Overspending is something we regularly see contributing to debt problems when providing Canadians with credit counselling. That overspending is not always easy to avoid. I recently received a coupon from a popular fast food restaurant for their name brand breakfast sandwich. It had been many years since I had their famous egg muffin sandwich and I decided, “it’s time to get my fix.” Arriving at the order window, I hastily decided to order two sandwiches. The voice from the order panel with all the tempting pictures immediately informed me that to use my coupon I needed to add a beverage and a potato product. By then I could smell the wonderful odour of coffee and fried foods. I was trapped. Reluctantly, I forked over a $20.00 bill and ended up with stuff I didn’t want to eat at a cost far beyond the savings offered by the coupon. “How did that happen?” I asked myself, driving away with care not to spill the two drinks.
Welcome to the world of bundling - a strategy used by corporations to increase their revenue by getting you to agree to purchase services or products that you likely don’t need. Bundling can empty your budget very quickly, lead to mounting debt problems, and eventually you may need professional credit counselling just to get out from under it. Below are the six steps that corporations use to trap you in a bundle of products or services. If you recognize the steps you are more likely a wise and careful consumer.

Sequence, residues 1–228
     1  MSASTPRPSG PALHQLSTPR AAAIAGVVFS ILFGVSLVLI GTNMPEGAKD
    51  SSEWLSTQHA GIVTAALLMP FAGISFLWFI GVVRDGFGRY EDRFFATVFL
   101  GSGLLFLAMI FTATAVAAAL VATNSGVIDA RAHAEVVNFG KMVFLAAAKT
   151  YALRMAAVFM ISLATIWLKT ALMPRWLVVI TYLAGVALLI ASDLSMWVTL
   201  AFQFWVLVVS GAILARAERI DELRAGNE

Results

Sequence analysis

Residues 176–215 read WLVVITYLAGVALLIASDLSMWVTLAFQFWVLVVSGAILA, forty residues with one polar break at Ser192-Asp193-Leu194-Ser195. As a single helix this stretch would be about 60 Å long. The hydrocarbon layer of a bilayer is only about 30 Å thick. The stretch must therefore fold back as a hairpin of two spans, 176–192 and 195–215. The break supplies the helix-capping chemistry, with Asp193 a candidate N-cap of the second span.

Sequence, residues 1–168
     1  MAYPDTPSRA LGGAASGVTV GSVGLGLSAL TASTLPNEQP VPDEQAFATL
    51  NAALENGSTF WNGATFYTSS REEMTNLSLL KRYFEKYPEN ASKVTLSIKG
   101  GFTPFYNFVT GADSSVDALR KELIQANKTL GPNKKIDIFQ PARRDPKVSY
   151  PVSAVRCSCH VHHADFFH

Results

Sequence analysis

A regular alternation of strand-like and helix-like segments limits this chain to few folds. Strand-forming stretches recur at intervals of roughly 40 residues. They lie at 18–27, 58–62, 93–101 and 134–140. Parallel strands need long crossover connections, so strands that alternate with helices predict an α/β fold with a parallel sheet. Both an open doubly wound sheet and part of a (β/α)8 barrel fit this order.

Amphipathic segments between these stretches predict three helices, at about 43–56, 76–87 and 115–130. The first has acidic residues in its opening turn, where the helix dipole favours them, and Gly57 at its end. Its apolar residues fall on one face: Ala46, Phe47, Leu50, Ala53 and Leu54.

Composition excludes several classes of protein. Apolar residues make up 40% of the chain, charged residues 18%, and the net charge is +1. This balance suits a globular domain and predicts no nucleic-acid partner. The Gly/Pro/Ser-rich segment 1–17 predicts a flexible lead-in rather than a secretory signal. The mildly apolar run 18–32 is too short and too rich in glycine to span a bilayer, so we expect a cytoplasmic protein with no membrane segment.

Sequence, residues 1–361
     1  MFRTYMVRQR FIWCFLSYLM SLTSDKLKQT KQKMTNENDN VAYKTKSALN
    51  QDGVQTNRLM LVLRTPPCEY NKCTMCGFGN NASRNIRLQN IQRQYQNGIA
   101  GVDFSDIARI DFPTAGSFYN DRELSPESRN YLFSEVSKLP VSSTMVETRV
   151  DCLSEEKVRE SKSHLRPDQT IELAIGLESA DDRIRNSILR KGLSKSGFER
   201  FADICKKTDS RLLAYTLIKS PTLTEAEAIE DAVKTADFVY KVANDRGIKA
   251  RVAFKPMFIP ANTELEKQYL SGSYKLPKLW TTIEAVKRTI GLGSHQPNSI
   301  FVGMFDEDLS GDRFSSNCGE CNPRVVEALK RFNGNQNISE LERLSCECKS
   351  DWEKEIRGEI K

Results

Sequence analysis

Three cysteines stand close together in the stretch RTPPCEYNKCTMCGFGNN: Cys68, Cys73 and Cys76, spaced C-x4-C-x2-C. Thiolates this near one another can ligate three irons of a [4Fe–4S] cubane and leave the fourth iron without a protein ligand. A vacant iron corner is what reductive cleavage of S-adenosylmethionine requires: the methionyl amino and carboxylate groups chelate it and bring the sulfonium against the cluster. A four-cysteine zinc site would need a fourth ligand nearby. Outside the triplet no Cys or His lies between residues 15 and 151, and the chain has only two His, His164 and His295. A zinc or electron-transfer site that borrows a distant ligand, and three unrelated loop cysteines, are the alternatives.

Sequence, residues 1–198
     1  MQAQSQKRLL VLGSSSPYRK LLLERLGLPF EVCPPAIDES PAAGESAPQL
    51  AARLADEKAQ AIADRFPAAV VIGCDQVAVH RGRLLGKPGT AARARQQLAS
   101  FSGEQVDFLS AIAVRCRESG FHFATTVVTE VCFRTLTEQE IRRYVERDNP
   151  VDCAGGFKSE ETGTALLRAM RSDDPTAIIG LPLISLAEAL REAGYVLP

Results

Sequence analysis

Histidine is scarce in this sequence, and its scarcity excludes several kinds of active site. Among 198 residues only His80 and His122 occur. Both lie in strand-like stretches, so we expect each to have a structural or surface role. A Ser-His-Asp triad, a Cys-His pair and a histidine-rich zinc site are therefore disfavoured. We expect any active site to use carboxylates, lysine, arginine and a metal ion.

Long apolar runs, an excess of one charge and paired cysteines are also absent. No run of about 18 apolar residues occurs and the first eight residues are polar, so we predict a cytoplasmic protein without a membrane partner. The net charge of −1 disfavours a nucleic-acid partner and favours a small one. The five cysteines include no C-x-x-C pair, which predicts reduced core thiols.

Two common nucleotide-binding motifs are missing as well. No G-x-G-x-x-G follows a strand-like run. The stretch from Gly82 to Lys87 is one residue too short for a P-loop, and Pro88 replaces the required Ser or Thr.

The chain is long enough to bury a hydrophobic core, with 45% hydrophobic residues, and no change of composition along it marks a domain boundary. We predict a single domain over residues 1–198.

- Appeal to an initial need. Everyone needs a cell phone, right? But do you need a land line, basic cable with three specialty packages and high speed internet all in one convenient bill for only $225.00 per month? Maybe not! You may need only a cell phone. Once you committed to purchase the item you need beware of:
- The offer to “save more money.” Note--the vendor is not offering to save you money but to charge you more!
- Sometimes vendors highlight services or products (that are unique and really cool) that you don’t generally need or would not ordinarily buy (while emphatically reminding you that you are saving money by bundling).
- Another trick is to redirect your attention away from the total cost of purchase while reminding you what you are saving.
- Lock you in. At this point, you are asked to sign the contract or pay immediately. Once you have paid or agreed to pay, you are far more likely to justify the decision to yourself and accept the deal.
- If you decline or ask to reconsider, they ask you why you are rejecting such a good offer (getting you to explain is a form of social pressure, that does not exist in a “yes or no” situation) this is common when bundling an extended warranty with a purchase.
One aspect of utility bundling is that the extra cost becomes a part of your monthly expenses. Like a leach slowly drawing blood you tend to justify to yourself that the cost is necessary. Credit Canada's credit counselling services are tailored to clients needs so any extra expenses you don't need will be pointed out clearly during your consultations.
I recently met a couple who were struggling to put food on their table. They bought an insurance plan for health care for their pet bundled into a recent veterinary visit. The monthly premiums were literally taking food from their mouths to protect from a potential health crisis for their pet. Credit Canada's credit counselling services can help by showing you how you can adjust your spending without sacrificing what is important to you. I was reminded that the vendor is not concerned with the ethics of the sale. The fast food restaurant did not care that I had purchased half my entire daily recommended caloric intake in one bundled meal. They were just out to make a dollar.